WSJ writes about how good intentions can result in bad results:
In the 1990s, Ethiopia went through a decade of global initiatives that sought to boost agricultural production but at the same time withdrew state support for the farming sector. The government, under pressure from international lenders and aid donors, was pulling out of the grain markets in favor of an underfunded and inexperienced private sector. However, little provision was made to support this fledgling free market with storage facilities, transport and financing. When a bumper harvest came in 2001, the markets were overwhelmed. Prices collapsed.
The problem was that the government, at the same time it was pushing to boost production, was also dismantling its system of state aid to farmers and intervention in the agriculture sector. In its place came a private-sector system that was inexperienced and woefully underfunded. It couldn’t absorb or distribute the bountiful harvests that came. Storage facilities were inadequate. Traders still relied on donkeys for transport. Export markets were nonexistent. There was no money to support prices or help farmers get through losses.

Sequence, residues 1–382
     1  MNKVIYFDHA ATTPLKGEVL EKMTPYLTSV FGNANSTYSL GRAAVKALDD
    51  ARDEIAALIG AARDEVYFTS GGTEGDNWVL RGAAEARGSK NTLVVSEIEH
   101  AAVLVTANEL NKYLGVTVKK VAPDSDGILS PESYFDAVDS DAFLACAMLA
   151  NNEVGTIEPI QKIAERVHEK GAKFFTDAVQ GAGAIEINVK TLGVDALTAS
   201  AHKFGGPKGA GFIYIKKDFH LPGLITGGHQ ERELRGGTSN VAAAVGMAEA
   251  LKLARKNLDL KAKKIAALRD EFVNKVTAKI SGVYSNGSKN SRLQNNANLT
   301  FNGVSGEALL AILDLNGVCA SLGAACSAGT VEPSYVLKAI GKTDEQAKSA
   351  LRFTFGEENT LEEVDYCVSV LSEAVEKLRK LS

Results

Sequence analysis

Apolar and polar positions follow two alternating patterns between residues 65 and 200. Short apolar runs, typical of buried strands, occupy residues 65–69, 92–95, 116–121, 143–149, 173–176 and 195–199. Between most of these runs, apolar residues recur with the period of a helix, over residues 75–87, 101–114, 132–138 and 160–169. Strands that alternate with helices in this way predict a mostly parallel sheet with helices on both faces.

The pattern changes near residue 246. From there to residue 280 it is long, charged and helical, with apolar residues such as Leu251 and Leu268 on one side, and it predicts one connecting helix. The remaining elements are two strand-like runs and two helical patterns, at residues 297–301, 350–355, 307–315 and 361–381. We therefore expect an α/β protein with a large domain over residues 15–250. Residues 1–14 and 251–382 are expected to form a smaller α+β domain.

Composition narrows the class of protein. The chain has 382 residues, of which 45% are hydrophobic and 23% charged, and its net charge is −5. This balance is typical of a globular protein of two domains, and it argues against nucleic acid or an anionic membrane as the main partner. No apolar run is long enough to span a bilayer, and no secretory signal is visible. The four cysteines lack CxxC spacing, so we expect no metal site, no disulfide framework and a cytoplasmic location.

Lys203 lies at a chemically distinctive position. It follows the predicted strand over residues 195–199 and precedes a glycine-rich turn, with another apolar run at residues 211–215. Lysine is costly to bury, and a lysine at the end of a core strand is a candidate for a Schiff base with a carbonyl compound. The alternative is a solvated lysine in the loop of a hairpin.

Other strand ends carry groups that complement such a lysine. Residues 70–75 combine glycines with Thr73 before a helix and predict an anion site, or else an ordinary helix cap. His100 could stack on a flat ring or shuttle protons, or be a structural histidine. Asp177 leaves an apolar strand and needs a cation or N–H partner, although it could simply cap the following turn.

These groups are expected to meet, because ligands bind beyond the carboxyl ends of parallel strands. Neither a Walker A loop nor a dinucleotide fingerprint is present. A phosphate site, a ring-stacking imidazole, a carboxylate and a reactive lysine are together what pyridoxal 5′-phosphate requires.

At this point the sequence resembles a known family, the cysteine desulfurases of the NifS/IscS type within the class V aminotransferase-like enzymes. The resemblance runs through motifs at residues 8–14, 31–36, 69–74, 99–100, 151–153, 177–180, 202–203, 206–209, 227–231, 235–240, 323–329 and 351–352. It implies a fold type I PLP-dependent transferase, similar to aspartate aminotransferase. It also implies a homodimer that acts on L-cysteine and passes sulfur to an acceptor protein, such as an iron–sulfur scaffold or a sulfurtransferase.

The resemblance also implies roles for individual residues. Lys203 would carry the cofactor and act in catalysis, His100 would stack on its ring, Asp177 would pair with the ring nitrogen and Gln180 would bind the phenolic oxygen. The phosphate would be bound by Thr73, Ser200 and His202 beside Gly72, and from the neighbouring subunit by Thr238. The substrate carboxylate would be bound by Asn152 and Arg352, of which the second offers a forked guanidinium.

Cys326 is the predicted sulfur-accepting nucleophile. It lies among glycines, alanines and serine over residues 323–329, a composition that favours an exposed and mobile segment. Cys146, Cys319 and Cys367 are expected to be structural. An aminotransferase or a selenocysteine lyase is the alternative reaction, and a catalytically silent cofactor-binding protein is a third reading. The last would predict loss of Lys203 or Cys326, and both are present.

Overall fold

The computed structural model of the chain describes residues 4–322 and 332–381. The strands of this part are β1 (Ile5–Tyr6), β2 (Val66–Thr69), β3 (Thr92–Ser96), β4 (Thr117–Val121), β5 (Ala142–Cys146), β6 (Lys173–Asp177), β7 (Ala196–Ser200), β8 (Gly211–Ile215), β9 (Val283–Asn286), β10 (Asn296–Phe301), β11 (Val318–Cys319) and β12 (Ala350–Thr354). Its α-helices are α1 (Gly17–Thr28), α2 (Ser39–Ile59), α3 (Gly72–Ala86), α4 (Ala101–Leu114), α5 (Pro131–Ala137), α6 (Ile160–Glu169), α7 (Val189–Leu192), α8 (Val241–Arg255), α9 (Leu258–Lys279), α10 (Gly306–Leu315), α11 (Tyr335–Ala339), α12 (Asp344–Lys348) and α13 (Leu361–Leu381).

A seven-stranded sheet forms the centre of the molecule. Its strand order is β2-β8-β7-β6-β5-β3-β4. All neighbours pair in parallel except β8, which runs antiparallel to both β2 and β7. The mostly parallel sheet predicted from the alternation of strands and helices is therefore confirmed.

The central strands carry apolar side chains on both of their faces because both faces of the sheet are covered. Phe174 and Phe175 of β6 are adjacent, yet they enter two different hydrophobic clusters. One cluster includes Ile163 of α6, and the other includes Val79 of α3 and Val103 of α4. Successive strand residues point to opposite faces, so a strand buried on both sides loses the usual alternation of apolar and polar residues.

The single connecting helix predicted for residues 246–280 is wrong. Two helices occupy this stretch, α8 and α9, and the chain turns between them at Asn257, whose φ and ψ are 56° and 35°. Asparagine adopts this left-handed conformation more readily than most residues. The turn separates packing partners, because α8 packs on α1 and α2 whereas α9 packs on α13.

The warning on prices, though, triggered no great alarm. “The market side hadn’t been thought about at all. The government was saying, ‘That’s a second-generation problem,’ ” says Eleni Gabre-Madhin, an Ethiopian who explores market dynamics at the International Food Policy Research Institute in Washington and regularly meets with Ethiopian officials in the capital, Addis Ababa. “The emphasis was on, ‘Let’s just produce.’ ”
Could there be some lessons from India?